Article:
What is Invisible Hand in Financial Services?

Invisible Hand

Helping Hand

The “invisible hand” is an economic theory developed by Adam Smith. It proposes that when people act in their self-interest it unintentionally benefits society at large.

In a capitalist economy, an invisible hand guides everyone’s actions toward the one that will benefit society the most (or so the theory goes).

How it works

The invisible hand theory argues that capitalism creates a virtuous circle:

  • Step 1: People try to make money. They start companies that sell goods and services.
  • Step 2: Other people decide for themselves how much to buy of certain things. If they buy more of something, companies produce more of that thing. If they buy less of something, companies produce less of that thing.
  • Step 3: Good businesses do well, and bad businesses don’t.
  • Step 4: More money is made, more money is spent, and more people have jobs. Everyone is better off.

“It is not from the benevolence of the butcher, the brewer, or the baker that we expect our dinner, but from
their regard to their own interest.“

—Adam Smith


According to the theory, the invisible hand balances out the forces of supply and demand and even has an impact on employment. Here’s just one way it plays out:

People want to buy more laptops
than there are available

Prices of laptops rise because there
aren’t enough to meet current demand

Company A sees these higher prices as a profit opportunity
and decides to start making more laptops

Company A hires more workers to keep up with production

If workers are scarce,
Company A raises wages to attract employees

Based on the invisible hand theory (and traditional economic theory), as Company A makes more laptops, the price of laptops will start to fall.

Eventually, the forces of supply (i.e., how many laptops Company A is willing to make given the current selling price of laptops) and demand (i.e., how many laptops consumers want to buy at that price) will come into balance. That’s called “equilibrium.”

Smith’s point was that it’s kind of amazing that the market can reach this equilibrium all on its own—as though an invisible force guides Company A and consumers to the best outcome.

Why used

The invisible hand theory is generally used to argue in favor of capitalism—in which people are free to decide what job to have and how to spend their money—over communism—in which the government decides these things.


Capitalism Planned economy
(aka communism)
What job do you have? You’re free to pick (and change your mind). The government tells you what job to do.
What stuff can you buy? Whatever you want as long as you can afford it. The government may ration goods or distribute them on a predetermined basis.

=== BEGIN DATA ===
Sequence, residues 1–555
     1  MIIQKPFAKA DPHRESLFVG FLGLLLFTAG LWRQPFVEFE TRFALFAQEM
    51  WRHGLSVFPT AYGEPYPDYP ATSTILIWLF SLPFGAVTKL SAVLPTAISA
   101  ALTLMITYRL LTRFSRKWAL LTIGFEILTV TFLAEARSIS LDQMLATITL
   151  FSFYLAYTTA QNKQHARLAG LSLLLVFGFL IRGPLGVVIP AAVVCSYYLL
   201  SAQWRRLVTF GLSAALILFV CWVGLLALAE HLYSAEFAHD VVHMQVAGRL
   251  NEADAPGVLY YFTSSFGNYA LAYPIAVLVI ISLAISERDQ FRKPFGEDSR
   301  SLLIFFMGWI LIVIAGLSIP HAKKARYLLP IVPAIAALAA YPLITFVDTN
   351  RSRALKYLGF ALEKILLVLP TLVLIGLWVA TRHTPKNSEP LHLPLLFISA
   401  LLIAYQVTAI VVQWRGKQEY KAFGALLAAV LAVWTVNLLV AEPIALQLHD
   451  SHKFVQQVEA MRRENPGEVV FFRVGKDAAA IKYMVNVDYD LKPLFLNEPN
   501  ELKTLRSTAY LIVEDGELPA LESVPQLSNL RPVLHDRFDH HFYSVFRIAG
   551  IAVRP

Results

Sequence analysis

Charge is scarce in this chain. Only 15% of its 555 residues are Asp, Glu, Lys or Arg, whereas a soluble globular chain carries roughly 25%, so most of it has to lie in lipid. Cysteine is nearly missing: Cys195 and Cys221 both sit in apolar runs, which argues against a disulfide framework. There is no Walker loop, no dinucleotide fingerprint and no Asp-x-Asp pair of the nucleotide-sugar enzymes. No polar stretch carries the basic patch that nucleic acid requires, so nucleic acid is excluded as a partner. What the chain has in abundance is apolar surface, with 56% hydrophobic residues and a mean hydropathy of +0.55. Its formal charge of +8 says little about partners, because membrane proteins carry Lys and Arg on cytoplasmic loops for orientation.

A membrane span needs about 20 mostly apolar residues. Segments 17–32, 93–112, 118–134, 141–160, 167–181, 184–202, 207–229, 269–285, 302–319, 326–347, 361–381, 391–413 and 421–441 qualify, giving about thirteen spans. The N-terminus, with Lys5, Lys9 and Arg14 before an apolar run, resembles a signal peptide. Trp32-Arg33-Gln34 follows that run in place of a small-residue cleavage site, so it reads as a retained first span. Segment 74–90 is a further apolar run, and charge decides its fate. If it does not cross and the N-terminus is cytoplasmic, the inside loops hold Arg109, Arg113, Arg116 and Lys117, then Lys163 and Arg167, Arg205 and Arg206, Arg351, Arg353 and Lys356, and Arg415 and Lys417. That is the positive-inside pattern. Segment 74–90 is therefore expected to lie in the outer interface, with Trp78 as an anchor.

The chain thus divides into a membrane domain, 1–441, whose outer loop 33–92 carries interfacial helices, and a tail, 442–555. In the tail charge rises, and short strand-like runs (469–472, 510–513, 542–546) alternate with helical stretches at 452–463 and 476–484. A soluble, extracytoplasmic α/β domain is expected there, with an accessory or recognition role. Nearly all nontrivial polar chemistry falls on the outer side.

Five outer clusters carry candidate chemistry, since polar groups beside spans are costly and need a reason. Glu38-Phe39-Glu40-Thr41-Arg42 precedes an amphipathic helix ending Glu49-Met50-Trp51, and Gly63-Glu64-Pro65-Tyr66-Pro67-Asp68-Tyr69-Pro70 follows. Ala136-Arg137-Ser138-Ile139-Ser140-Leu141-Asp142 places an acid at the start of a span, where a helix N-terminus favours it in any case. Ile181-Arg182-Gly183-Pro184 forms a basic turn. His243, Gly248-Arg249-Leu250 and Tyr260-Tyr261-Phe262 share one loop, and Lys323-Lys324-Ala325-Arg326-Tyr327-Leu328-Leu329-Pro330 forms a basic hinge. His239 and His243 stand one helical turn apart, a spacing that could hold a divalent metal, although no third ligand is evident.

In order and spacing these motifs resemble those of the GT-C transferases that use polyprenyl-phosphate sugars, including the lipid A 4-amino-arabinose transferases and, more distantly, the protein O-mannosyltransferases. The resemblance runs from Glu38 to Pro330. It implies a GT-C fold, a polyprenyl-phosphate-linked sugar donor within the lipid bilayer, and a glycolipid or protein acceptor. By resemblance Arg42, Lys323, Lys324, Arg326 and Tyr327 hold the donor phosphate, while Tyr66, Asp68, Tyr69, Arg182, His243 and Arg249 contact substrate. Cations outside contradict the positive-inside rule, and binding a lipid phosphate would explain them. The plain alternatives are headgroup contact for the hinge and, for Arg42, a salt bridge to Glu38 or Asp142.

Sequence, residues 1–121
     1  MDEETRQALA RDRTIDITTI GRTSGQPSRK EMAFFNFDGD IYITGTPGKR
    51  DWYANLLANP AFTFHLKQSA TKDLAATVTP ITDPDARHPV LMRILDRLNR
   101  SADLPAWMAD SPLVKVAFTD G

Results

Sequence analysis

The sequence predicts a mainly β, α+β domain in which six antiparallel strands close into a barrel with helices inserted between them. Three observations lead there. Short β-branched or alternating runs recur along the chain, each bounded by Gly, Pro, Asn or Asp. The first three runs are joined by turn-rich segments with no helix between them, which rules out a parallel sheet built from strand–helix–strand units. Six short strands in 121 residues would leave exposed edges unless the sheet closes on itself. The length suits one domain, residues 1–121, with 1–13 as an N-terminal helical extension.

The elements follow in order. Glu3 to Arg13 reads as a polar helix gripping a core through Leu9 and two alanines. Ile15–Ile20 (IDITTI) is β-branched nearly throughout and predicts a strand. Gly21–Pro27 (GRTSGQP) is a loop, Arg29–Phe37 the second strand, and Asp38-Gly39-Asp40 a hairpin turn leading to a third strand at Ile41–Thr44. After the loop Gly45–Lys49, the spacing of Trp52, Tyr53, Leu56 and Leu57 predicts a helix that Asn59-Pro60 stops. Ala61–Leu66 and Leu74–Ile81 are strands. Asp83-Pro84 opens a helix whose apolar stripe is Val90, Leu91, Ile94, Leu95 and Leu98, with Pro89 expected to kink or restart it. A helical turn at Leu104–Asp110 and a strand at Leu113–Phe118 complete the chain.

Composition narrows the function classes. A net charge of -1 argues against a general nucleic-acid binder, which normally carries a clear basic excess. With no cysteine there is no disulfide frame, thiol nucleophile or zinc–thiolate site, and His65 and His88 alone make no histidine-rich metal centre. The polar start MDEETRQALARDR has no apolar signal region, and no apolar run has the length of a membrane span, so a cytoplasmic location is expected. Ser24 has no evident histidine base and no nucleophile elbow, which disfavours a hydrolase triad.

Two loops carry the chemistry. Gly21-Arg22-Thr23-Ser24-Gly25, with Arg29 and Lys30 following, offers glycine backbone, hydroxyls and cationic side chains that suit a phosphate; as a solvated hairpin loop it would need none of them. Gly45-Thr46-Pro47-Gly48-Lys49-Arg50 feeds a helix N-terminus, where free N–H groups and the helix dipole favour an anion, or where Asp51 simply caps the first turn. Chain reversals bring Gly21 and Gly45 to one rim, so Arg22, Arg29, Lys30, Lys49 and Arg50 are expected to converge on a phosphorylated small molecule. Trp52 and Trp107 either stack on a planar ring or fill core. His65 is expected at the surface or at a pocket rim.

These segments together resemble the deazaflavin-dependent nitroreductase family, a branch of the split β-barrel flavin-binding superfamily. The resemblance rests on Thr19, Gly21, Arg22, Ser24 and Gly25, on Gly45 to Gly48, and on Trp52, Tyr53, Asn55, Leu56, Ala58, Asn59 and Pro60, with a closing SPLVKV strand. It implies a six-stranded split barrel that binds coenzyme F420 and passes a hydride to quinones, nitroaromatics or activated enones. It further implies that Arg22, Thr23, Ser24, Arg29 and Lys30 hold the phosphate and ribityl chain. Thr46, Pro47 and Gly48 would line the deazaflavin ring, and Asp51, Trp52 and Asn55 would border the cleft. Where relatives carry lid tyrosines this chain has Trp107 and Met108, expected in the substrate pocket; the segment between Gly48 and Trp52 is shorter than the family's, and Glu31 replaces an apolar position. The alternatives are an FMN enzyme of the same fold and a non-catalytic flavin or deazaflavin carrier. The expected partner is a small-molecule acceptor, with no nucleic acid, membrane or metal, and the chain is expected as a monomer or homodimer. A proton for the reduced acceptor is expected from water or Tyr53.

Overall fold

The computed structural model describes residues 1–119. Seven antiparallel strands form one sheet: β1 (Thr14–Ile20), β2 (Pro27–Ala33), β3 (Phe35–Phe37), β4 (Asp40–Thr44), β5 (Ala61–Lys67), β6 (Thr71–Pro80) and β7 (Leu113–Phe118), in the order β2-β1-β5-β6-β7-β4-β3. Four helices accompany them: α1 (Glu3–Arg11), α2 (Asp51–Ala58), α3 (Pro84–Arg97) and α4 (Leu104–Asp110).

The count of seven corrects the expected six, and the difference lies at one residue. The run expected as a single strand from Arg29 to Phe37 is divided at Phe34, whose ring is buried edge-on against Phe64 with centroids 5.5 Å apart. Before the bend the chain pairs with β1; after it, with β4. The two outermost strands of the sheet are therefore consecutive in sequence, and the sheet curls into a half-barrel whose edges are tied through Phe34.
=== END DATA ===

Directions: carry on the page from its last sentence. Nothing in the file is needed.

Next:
Who decides what gets made? Companies or other producers decide. The government tells, say, shoemakers how many shoes to make in a given year.
Who bears the risk? Individuals bear the risk. If you can’t make money, you’re poor. If you do well, you get rich. Society bears the risk. No one gets rich or poor (in theory).

But it can also be used to argue against greater government regulation or intervention in the economy.


The invisible hand is an economic theory that argues that when people act in their own self-interest they benefit both themselves and society as a whole. It is often used in support of capitalism, in which people and businesses decide what to make or how to spend money, over communism, in which the government decides these things.

Fun facts
  • It wasn’t just the self-interest of the butcher and the baker that put Adam Smith’s dinner on the table—his mother cooked his dinners until she died (when Smith was in his sixties).
  • To paraphrase Jeff Goldblum: Capitalism will find a way. Cigarettes, gold, and U.S. dollars have all served as alternate currencies in restricted economies, such as communist nations and prisons. (Ramen noodles have overtaken cigarettes as the currency of choice in U.S. prisons.)
Key takeaways
  • The invisible hand theory argues that society and the economy are better off when people are allowed to decide for themselves how to make money and what to buy.
  • Under this theory, companies will increase production and hire more workers as consumer demand (and selling prices for goods) increase.
  • As companies increase production, selling prices start to fall until supply and demand forces come into balance. That balance is called equilibrium.
  • The theory is generally used as an argument in favor of capitalism over communism, in which the government plans and decides what is produced and what jobs people have.
The last thing you want is the invisible hand of the marketplace giving you the finger. — Napkin Finance


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